Determination of economic efficiency of agricultural enterprises in Turkey: a DEA approach


In this study, it is tried to determine the efficiencies of agricultural enterprises in the use of capital and credit in Turkey by DEA. In the scope of the study, 550 farmers in enterprises in Antalya, Konya, Karaman, Ankara, and Eskişehir were interviewed. According to the results of the data envelopment analysis, 95 farmers according to CRS, 134 according to under VRS, and 95 according to under SE were found to be effective. The higher average of the overall technical efficiency is Antalya (0.87) and Konya (0.72). This result shows that even if the agricultural enterprises reduce input use by 13% in Antalya and 28% in Konya, they will achieve the same agricultural income. According to the research results, it is determined that agricultural enterprises in Turkey do not use effectively the capitals, and they can achieve the same agricultural income with a low level of capital. Keeping the accounting records of agricultural enterprises in Turkey is important in terms of making a proper production plan.

DOI: 10.30682/nm1904h

Erdogan Gunes*, Huseyin Tayyar Guldal*

* Department of Agricultural Economics, Ankara University, Ankara, Turkey.

Corresponding author:

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Cite this Item: Gunes E., Guldal H.T., Determination of economic efficiency of agricultural enterprises in Turkey: a DEA approach, New Medit, 18 (4): pp. 105-116, http://dx.doi.10.30682/nm1904h

1. Introduction

The rapid increase in the world population increases the nutritional needs accordingly. Although nutrient consumption shows an alteration depending on the level of development of countries, cereals and wheat are the main source of nutrients for feeding. In acreage, cereal crops are the most important in Mediterranean agriculture. Wheat, especially hard winter wheat, is the principal food grain, and barley is grown in the poorer areas.

In Turkey which is the most cereals producer in Mediterranean countries, it is seen high price volatility in the cereals market (Çınar, 2018) (Fig. 1).

Increasing volatilities in food prices have impacts on the incomes of the farmers (Enjolras et al, 2014), these volatilities lead to uncertainty and making investment decisions that are not optimal (Guillen and Franquesa, 2015). Accordingly, making an accurate way of farmers’ production decisions and planning in Turkey, it is important in terms of ensuring and enhancing the sustainability of grain production. In order to ensure the continuity of production in agricultural enterprises, farmers must maintain their livelihood and create resources for new investments. In this context, agricultural income is an important criterion of success and consists of equity and the sum of the wages he and his family earn for work. In addition to the living cost of the family, farmers have to cover the investments to be made and the taxes to be paid by the agricultural income. If agricultural income cannot meet these costs, there may be a decrease in working capital. The appropriateness of agricultural capital to the enterprises structure is considered to be an important factor in the rantable work of the enterprise.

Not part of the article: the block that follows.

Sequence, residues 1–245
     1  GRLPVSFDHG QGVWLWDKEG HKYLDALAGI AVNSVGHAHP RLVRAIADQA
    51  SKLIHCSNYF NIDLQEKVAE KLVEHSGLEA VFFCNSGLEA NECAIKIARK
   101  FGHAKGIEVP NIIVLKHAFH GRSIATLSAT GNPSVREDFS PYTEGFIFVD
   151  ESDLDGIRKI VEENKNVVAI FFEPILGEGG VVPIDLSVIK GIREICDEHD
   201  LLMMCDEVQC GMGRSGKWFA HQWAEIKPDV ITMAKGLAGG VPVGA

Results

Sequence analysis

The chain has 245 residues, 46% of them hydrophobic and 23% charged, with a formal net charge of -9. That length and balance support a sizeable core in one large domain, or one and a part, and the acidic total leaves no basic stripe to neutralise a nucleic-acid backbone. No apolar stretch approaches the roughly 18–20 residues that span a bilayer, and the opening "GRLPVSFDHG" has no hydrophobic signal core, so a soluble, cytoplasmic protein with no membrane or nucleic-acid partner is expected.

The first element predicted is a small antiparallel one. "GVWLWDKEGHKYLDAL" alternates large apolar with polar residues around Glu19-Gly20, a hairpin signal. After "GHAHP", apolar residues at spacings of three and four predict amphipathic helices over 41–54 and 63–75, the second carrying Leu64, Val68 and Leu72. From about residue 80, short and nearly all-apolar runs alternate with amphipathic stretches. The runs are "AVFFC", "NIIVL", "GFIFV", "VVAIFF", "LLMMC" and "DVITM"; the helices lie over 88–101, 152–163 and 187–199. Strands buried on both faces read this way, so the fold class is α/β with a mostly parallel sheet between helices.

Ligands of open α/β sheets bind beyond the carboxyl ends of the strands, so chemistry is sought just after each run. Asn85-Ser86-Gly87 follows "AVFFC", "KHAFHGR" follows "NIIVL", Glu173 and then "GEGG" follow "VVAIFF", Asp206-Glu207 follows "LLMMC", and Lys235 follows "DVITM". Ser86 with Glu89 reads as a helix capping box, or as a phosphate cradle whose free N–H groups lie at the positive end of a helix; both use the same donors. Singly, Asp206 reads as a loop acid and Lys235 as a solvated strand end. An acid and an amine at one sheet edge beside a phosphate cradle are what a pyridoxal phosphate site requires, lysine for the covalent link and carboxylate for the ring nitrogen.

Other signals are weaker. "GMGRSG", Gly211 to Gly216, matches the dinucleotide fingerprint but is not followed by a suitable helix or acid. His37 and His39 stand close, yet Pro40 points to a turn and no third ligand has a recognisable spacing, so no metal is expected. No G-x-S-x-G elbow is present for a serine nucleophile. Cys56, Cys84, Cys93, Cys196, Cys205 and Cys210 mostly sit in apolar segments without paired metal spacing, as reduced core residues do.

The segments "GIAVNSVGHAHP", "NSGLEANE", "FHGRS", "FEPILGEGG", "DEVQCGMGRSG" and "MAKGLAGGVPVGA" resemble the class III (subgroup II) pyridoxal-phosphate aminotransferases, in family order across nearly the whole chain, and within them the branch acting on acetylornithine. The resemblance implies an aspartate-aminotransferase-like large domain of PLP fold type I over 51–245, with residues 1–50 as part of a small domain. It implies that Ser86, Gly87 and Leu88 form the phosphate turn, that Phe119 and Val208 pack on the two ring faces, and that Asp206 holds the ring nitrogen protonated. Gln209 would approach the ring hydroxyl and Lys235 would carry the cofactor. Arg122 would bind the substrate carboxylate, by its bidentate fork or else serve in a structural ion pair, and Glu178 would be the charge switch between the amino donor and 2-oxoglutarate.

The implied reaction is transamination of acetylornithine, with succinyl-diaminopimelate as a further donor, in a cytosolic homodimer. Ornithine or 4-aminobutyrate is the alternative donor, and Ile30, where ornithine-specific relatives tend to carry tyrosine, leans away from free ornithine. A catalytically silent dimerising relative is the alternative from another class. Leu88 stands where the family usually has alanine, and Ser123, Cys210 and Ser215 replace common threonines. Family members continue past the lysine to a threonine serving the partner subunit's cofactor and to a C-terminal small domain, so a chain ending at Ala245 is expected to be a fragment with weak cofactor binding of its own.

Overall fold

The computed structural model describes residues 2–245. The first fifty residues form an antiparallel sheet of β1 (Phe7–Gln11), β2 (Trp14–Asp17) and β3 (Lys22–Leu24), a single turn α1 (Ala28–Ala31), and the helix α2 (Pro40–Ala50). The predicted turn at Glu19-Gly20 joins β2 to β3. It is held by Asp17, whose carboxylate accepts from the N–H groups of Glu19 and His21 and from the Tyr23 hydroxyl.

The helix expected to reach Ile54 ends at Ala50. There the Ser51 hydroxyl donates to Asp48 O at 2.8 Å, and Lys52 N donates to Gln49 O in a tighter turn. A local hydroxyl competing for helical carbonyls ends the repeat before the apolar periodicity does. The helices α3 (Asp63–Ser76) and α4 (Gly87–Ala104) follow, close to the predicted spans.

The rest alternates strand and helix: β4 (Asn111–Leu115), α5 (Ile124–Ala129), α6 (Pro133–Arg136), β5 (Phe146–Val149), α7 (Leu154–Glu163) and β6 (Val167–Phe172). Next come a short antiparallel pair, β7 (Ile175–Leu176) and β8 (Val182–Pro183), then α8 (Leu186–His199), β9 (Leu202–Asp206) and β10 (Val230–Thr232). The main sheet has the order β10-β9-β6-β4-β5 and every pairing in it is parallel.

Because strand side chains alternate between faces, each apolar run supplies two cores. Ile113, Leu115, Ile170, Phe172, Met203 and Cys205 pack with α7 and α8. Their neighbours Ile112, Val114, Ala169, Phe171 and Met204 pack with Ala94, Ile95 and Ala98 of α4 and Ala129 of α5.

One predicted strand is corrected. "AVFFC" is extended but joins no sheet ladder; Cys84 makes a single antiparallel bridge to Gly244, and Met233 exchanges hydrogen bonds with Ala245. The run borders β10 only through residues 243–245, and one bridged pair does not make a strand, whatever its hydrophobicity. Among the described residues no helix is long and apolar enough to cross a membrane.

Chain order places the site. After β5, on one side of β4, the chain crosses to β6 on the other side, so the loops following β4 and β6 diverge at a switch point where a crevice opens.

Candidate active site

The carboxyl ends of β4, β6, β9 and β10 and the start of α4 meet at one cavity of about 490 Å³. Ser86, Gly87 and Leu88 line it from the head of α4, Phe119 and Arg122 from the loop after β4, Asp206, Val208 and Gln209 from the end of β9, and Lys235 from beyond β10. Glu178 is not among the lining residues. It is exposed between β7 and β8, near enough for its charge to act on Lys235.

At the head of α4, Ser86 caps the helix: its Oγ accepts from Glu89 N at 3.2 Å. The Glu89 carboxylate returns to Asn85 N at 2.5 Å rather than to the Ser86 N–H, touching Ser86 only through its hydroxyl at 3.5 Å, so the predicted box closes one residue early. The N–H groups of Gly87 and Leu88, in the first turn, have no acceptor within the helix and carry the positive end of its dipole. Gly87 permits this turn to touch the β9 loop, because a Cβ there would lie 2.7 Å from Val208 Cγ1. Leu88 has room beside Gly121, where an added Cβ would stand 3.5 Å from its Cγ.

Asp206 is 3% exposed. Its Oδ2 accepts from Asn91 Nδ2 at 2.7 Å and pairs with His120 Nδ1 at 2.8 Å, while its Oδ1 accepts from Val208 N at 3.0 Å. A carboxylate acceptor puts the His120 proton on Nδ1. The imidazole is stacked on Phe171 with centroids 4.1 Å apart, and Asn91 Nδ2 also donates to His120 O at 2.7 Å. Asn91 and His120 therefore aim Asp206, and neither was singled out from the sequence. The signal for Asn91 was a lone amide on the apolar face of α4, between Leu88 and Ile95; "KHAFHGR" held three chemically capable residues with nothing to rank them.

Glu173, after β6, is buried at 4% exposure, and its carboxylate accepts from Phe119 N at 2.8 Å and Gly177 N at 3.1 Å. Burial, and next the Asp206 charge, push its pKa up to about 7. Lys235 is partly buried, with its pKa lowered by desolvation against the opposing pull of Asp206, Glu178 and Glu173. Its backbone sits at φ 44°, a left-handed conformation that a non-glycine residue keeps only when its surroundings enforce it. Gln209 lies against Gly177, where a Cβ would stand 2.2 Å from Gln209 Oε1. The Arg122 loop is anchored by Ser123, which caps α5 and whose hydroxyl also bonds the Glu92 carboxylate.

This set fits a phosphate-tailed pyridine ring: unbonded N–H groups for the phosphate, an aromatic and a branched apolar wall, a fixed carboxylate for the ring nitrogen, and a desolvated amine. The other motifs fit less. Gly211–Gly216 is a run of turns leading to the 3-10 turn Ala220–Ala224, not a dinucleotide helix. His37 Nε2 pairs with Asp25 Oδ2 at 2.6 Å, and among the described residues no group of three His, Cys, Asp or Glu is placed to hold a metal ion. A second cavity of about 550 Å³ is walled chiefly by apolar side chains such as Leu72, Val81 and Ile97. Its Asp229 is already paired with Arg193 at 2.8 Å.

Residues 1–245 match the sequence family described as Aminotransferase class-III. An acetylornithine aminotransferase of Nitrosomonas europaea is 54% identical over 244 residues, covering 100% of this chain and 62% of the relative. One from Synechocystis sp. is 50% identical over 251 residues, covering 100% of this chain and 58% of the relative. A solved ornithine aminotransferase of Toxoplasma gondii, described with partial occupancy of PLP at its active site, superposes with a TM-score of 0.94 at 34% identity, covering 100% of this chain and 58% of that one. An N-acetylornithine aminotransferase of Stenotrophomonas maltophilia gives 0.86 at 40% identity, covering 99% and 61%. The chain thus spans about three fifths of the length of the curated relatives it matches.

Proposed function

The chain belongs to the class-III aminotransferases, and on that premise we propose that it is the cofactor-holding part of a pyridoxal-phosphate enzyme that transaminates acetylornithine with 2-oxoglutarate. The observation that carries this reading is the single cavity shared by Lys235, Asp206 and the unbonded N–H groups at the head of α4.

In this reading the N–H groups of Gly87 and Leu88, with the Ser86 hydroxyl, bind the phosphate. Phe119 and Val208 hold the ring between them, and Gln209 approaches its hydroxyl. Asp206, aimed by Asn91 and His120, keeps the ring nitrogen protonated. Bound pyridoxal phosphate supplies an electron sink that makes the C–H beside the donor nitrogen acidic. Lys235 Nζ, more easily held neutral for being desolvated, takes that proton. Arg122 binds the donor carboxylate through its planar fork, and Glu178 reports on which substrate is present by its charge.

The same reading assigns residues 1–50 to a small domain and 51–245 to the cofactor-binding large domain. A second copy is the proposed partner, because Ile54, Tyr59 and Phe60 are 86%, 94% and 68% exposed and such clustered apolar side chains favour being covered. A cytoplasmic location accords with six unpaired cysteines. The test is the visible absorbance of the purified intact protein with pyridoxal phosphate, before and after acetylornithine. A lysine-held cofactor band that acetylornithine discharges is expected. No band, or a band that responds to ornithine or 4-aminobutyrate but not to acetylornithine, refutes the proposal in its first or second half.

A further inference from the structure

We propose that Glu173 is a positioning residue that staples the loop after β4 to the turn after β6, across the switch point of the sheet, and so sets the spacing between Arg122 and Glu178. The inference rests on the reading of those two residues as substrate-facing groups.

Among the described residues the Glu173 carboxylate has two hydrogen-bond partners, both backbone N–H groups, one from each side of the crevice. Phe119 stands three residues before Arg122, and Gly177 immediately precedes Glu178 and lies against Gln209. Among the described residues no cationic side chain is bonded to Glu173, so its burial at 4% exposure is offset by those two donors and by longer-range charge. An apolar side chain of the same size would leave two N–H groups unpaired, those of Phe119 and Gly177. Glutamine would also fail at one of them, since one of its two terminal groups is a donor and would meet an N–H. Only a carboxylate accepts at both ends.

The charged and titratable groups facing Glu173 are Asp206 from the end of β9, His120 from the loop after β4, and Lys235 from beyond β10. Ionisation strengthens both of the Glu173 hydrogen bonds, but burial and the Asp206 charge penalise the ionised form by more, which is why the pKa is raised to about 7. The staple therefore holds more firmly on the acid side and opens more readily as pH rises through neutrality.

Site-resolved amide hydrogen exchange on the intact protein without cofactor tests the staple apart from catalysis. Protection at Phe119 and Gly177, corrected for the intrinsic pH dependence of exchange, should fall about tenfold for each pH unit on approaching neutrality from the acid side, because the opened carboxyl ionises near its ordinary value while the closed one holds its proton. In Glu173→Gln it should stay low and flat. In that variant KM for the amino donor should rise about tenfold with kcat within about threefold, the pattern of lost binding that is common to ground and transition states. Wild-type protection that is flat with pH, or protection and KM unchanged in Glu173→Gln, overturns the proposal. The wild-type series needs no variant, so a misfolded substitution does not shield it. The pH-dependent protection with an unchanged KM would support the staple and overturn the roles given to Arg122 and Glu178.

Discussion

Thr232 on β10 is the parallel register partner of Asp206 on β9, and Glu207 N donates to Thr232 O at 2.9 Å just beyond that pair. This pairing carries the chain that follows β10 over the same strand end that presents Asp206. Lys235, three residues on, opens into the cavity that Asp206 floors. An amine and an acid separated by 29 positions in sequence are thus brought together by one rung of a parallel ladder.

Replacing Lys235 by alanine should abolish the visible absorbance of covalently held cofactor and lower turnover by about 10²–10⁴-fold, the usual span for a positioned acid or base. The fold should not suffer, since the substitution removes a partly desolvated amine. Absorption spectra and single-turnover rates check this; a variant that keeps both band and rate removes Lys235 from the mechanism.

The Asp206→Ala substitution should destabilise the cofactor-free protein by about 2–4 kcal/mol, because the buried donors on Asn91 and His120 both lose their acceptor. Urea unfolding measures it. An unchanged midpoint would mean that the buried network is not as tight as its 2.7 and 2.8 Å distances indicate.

Distribution of the elements of the capital is as important as the amount of capital in the enterprises success. Depending on the type and size of the enterprises, a certain amount of various capital must be available for an enterprises to function normally (Aksöz, 1972). It has been identified in the research that the largest share in the active capitals of Turkish agriculture enterprises belongs to land capital (Sayılı and Esengün, 2002; Özkan and Erkuş, 2003; Arısoy, 2004; Şili, 2013; Aydın, 2014). This is because land capital is more than other capital groups. This is an indicator of extensive agriculture. In this case, enterprises avoid new investments to increase agricultural income.

In addition to land capital, balanced use of money capital which is in an active is one of the factors affecting agricultural income. Due to low agricultural income in Turkey, enterprises need foreign capital. The most common way of providing foreign capital is agricultural credit. Credit systems contribute to the sustainability of production due to the indispensability of agriculture in nutrition (Bishoff, 2008). There are many studies examining the effects of agricultural credit on agricultural enterprises (Zuberi, 1989; Feder et al., 1990; Khandker and Faruqee, 2003; Abdallah, 2016; Chandio et al., 2017). In spite of the increasing use of agricultural credits, these credits are not used correctly and effectively. Therefore, debates on credit effectiveness come up. As a result of the use of agricultural credit in non-agricultural activities, the failure to make credit planning correctly, and the excessive use of credit dragging farmers into debt, enterprises are experiencing difficulties in repayments (Hundie et al., 2004; Katchova, 2005; Ünlüer and Güneş, 2013). Debt expansion will increase debt interest and reduce agricultural income in agricultural enterprises1.

In this context, the aim of the study is to determine the effectiveness of agricultural enterprises in Turkey which has an important role of cereal production for Mediterranean countries and analyze the elements that are inactive. This is a matter to be discussed widely due to Turkey can’t meet domestic demand.